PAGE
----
I remember the first time I visited Vanguard’s campus on a Friday. I taught on a Tuesday/Thursday schedule my first semester and had never been on campus at the end of the week. It was a ghost town. I was showing a prospective student around the school and realized there was not much for her to see. There were no students walking to and from classes, no groups gathered around the tables outside Samson’s.
TEACHING IN AN AGE OF HYBRIDITY
As the digital age transforms higher education, a new type of class has emerged – the complex hybrid classroom, where classes meet both face-to-face and in an online forum. The quiet campus climate on a Friday afternoon can be attributed, at least in part, to these classes where Friday sections take place on the web.
I have been teaching hybrid classes for over five years now and have become an advocate for this flexible classroom arrangement. Being on campus less frequently benefits me as a mother of young children, and I believe it also benefits students who may commute to campus, be parents themselves, or have jobs outside the university. As we look for ways to accommodate non-traditional students and to aid first-generation college students, hybrid class models play an important role in making a college education accessible to more people.
GETTING OVER THE HYBRID HUMP
My love for the hybrid class model was not instantaneous. When given the opportunity to teach a hybrid class for the first time, I struggled to decide how to best organize the course. What assignments should be done in the classroom and what activities should students complete on the computer at home? What was the most valuable use of in-person instruction time? What digital tools could be leveraged to expand student learning beyond the classroom?
My biggest fear was creating a class that tried to mimic the traditional classroom, but simply asked students to do more homework online. I actually ended my first semester teaching hybrid classes feeling frustrated. I had spent too much time dealing with technical difficulties and not enough time harnessing online technology to amplify student learning. However, I was also hopeful the hybrid model could work well if I was willing to adjust my pedagogy.
Through trial and error, I discovered hybrid classes provide a unique opportunity for students to become “citizen-scholars” in today’s digital society (Ackerman & Coogan, 2010). These classes allow students to read, write, and interact with real publics on the internet, while also providing the opportunity for students to work with and receive feedback from their instructor and peers in the traditional classroom.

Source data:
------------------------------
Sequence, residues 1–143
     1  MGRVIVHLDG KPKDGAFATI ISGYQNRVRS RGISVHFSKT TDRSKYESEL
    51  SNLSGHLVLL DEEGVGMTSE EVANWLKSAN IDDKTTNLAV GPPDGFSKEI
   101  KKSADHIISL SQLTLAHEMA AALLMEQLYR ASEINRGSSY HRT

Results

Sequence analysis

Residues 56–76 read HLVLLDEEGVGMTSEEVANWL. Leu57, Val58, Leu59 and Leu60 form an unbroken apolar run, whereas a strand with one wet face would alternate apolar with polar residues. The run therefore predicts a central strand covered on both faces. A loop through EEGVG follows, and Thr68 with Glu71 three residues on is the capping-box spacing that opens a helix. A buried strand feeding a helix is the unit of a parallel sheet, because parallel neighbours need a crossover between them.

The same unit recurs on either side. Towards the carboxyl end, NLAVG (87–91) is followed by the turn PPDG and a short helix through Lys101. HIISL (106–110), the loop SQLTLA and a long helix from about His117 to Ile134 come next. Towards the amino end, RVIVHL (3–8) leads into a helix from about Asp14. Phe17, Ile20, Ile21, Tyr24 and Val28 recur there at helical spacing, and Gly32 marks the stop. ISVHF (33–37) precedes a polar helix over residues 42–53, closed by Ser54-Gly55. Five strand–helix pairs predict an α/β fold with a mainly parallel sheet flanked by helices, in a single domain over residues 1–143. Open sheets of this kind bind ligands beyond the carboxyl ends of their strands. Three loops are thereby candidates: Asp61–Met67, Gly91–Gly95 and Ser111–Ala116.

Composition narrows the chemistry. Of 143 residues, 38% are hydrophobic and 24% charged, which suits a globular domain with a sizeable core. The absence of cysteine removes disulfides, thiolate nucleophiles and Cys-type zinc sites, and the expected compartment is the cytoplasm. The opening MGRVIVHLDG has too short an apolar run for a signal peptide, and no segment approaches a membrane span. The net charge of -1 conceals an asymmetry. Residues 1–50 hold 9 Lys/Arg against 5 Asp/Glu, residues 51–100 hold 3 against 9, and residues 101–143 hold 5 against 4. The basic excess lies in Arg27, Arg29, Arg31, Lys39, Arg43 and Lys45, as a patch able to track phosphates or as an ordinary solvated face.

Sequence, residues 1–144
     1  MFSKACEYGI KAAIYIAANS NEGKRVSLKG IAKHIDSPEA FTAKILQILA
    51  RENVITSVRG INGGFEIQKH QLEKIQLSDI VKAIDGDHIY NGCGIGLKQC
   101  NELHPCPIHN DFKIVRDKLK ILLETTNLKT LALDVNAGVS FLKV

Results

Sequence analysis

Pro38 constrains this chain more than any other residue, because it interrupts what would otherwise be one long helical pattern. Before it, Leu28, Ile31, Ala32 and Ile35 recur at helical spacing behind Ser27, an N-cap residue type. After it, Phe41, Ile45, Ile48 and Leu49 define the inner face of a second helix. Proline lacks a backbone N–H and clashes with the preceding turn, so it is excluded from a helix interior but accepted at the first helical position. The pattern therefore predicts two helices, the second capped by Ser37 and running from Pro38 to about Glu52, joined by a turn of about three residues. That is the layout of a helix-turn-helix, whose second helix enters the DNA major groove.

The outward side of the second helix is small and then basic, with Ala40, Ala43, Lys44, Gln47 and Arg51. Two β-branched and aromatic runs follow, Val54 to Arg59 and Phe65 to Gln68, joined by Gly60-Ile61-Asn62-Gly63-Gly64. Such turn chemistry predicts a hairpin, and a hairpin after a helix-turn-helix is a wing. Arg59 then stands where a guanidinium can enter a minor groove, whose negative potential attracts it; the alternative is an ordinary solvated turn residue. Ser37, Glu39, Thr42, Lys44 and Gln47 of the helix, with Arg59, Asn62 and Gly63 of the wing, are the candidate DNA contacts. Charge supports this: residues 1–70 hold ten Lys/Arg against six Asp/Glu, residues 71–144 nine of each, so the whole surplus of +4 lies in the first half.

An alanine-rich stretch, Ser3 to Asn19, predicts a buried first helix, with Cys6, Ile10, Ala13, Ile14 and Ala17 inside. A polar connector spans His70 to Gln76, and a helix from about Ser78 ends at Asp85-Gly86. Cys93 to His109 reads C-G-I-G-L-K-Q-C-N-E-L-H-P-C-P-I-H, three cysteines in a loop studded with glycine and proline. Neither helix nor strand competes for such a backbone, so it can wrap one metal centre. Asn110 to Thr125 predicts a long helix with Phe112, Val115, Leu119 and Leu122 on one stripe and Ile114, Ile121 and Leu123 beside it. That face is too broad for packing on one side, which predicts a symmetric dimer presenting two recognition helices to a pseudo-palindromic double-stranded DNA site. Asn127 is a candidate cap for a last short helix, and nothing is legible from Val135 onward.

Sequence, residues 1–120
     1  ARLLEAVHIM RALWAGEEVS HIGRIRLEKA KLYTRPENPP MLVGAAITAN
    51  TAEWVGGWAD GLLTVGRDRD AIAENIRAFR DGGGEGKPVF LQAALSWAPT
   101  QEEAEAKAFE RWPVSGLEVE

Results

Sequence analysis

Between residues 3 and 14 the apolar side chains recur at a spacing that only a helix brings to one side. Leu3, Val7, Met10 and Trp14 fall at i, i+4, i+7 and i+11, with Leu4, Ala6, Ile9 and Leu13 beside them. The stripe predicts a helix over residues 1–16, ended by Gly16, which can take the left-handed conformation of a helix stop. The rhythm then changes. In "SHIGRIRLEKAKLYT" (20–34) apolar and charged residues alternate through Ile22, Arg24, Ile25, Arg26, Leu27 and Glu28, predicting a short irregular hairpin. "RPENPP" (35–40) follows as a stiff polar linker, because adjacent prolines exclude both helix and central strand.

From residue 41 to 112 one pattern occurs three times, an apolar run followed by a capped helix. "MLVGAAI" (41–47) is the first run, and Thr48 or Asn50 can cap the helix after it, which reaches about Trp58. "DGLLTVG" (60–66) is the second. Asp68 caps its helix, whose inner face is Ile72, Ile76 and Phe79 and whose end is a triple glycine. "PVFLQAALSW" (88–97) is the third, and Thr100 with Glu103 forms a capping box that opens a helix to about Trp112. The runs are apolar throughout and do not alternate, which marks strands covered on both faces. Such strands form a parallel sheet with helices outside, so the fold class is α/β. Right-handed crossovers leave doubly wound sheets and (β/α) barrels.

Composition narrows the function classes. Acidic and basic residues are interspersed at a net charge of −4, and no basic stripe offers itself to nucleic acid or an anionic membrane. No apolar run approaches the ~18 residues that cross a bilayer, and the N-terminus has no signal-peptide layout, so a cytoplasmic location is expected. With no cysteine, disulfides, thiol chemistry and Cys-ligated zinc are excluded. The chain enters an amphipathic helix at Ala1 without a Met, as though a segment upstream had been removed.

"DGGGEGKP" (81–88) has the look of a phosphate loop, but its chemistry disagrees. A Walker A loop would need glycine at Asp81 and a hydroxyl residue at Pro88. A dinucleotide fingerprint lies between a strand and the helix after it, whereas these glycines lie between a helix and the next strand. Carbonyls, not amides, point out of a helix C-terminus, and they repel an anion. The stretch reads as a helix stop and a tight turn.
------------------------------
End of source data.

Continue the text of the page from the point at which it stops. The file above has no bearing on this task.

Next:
At the Conference on Christianity and Literature this past May, I presented a hybrid class model I have used in first-year composition that intertwines face-to-face writing instruction, rich peer feedback, and digital literacies by asking students to embark in online ethnography. In the course, each student joins an online community and participates in that space for the duration of the semester. Their goal is to understand the literacy practices within that space and analyze the values of its members.
For example, one of my students was training for his pilot’s license and joined an online forum for private pilots to learn more about his extracurricular pursuit. He conversed with other pilots daily and wrote a strong essay about air traffic legislation which would affect him greatly in the future. In this course, students not only expand their analytic and argumentation skills, but they also think deeply about new technologies and become more conscious of how they portray their identity and faith online. Students in this class become “citizen scholars,” as they navigate online and offline learning environments to engage in cultural conversations and create meaningful texts that glorify God.
HARNESSING HYBRID HOURS
My ethnography course is just one way to approach a hybrid learning environment. When designing a hybrid class, it is important not to approach the schedule with a sense of deprivation. We should not think of a hybrid class as “losing” an hour in the classroom, but rather being given an hour for our students to participate in learning activities beyond the classroom. In the future, I would love to see Vanguard instructors design hybrid classes around community literacy, social activism, ministry preparation, and professional internships. Hybrid classes are not simply about moving education online, but about asking our students to apply their learning to the world beyond the university.
And that student who toured the school with me on a quiet Friday afternoon? It turns out she likes Vanguard’s calm atmosphere at the end of the week. She enrolled just hours after leaving campus and will be starting her sophomore year this fall.
With my newborn right after presenting at the conference